by Ben Nuelle
El Nino is beginning to take effect. Will a strong El Nino make the markets more volatile?
CME Group Senior Economist Erik Norland recently completed a report focusing on El Nino and how it affects the markets.
“It turns out volatility tends to correlate positively with the strength of an El Nino. We think it is possible in the next few months maybe even probable we could see more volatility in corn, soybeans, and wheat. In addition to that, another aspect of the report is that when you have a very strong El Nino it can move into a very strong La Nina,” Norland said.
He said this can happen in as early as 12 months.
“What matters about that is that La Nina tends to have exceptionally high levels of volatility in agricultural goods markets. So recently, in response to fairly tame volatility options prices in corn wheat and soy have been fairly low. We think there is a risk though given the strength of the El Nino and given the possibility that it might move back into a La Nina, we could see much more volatile markets ahead, Norland said.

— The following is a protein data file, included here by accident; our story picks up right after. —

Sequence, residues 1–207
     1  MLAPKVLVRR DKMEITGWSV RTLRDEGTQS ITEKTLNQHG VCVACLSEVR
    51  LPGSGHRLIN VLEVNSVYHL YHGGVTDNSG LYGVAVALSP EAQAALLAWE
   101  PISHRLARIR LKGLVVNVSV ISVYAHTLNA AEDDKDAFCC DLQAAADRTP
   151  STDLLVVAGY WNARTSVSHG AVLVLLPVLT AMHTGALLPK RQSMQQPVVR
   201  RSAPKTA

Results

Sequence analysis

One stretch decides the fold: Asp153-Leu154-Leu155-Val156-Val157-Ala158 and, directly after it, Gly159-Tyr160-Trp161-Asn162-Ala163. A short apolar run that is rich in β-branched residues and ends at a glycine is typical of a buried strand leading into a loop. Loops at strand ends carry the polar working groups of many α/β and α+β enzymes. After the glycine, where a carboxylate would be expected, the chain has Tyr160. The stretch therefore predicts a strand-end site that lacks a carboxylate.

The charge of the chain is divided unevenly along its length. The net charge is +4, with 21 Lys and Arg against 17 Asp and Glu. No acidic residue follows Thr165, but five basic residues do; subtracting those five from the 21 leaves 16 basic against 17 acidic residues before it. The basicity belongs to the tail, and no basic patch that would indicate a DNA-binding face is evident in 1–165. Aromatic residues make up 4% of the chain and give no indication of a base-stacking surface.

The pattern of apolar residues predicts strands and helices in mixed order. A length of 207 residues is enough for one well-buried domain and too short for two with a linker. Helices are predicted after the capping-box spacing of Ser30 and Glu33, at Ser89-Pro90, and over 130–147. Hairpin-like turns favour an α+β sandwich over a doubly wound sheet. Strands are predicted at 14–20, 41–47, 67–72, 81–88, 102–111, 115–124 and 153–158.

Norland said what the El Nino does over the winter does not matter all that much.
“It’s not really yet the planting season or the growing season and harvest has already happened. What will be key is next spring. Is there enough rain in the Midwest for example? Does the El Nino produce some drought conditions? So it is really around February and March next year we should look very closely at precipitation,” Norland said.
El Ninos typically peak between the months of November through January. He says it is very unusual for the El Nino to linger for more than six months.
Read Norland’s report here.